By his own assessment, Republican Jeff Fitzgerald "breathed a little new life" into his U.S. Senate campaign with a strong showing at the May 12, 2012, state GOP convention.
Fitzgerald edged Mark Neumann in a head-to-head race on the final ballot, giving him some badly needed momentum. But the party ultimately did not endorse, because no one received the required 60 percent of the vote.
So did he win the day?
Soon after the vote, Fitzgerald posted on Facebook:
"Thank you everyone for the tremendous support at the Republican Party of Wisconsin Convention and to have won the majority support! Thank you!"
In the days after the convention, he claimed "a win" on Twitter and on his Facebook page, citing a Wisconsin Radio Network Web story headlined, "Fitzgerald climbs to first-place convention finish."
"ICYMI: Here's an article covering my win at the Republican Party of Wisconsin's State Convention. The same grassroots activists who support Governor Scott Walker supported me because they want to see bold reforms in Washington!"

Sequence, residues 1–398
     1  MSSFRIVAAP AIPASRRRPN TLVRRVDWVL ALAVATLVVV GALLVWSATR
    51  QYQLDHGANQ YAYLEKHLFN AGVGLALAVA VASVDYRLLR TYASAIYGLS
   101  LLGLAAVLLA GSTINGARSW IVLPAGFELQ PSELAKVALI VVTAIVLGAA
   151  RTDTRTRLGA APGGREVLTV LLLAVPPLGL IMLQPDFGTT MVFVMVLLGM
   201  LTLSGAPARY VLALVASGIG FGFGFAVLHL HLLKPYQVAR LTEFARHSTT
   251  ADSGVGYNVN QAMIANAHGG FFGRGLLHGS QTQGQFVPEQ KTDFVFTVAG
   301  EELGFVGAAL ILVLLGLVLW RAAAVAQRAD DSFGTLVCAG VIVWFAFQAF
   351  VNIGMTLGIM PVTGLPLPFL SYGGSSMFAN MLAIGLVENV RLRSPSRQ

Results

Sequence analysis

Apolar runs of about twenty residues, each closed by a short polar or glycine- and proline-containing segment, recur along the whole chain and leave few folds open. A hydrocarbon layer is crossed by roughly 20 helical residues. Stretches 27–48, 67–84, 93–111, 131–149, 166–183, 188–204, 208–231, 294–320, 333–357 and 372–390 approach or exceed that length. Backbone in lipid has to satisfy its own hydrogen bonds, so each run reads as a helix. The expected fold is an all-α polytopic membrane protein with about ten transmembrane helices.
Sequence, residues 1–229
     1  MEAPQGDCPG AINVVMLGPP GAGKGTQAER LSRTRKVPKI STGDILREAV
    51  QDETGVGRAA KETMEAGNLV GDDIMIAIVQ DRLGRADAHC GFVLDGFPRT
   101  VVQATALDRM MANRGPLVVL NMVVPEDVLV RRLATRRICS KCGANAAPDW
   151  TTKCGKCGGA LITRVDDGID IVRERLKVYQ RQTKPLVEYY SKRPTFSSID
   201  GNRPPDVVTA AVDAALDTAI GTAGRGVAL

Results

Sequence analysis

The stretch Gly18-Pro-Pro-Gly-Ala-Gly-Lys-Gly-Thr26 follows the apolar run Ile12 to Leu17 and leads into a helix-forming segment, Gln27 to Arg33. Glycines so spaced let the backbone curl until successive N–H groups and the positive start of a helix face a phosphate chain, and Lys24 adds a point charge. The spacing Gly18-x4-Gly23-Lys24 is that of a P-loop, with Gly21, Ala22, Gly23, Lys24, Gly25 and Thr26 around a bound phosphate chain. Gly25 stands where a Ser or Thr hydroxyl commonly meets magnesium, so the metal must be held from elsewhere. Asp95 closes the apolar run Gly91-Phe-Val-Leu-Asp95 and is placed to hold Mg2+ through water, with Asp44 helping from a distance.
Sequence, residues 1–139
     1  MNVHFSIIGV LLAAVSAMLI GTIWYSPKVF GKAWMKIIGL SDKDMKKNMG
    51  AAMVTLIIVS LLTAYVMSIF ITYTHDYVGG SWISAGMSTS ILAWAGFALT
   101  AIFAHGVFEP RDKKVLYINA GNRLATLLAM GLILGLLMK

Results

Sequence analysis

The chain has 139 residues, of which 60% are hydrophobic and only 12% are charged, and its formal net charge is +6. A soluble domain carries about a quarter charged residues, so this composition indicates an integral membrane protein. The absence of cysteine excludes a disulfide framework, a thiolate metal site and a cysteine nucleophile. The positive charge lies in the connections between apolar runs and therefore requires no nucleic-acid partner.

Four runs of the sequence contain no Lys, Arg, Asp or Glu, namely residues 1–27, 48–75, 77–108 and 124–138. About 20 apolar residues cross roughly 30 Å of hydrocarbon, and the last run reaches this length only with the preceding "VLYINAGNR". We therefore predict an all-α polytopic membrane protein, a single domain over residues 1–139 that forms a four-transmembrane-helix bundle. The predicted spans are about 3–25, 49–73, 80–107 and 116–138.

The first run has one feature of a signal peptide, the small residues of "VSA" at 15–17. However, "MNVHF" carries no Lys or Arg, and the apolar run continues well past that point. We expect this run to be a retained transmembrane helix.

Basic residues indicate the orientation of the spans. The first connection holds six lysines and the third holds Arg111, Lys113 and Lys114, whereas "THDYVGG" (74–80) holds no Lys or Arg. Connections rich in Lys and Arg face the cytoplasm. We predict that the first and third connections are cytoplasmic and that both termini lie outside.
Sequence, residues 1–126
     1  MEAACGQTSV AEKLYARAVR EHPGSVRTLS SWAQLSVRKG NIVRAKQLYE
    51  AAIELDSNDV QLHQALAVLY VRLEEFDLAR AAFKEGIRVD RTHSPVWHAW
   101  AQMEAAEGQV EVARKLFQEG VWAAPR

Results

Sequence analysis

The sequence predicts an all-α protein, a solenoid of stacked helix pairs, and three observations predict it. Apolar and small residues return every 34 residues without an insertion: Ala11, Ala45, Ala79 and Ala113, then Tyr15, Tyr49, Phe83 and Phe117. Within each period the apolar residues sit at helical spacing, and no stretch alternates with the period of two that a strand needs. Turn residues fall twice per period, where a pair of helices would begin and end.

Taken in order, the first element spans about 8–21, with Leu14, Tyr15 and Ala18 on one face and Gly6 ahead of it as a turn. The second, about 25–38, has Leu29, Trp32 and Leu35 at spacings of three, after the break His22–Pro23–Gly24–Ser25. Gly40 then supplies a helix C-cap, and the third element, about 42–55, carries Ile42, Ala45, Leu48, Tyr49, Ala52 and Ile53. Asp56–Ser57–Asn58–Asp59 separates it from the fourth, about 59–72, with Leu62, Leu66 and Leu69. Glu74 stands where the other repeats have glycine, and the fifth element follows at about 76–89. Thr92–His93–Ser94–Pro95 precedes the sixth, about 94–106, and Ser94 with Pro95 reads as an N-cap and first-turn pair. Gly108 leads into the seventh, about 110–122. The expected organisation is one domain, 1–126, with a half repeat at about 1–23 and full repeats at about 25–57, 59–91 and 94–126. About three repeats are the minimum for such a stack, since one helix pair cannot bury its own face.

Fitzgerald, the Assembly Speaker, did not use any form of the word "endorse" -- a prudent move since none of the four GOP candidates (Fitzgerald, businessman and former congressman Mark Neumann, former Gov. Tommy Thompson and businessman Eric Hovde) won the state party’s official support.
That set his reaction apart from that of Neumann, who declared "victory" despite finishing second in the final vote, while strongly implying he was endorsed. (We rated that claim False.)
Still, even the article cited by Fitzgerald doesn’t go quite as far as calling Fitzgerald’s showing as a "win."
Here’s our take on Fitzgerald’s claim.
A first-place showing in the final showdown -- and majority support -- do represent a "win" for Fitzgerald. Or, as he tweeted, "success."
But the claim needs some clarification in that it was not a formal endorsement -- the prize everyone was seeking.
We rate it Mostly True.
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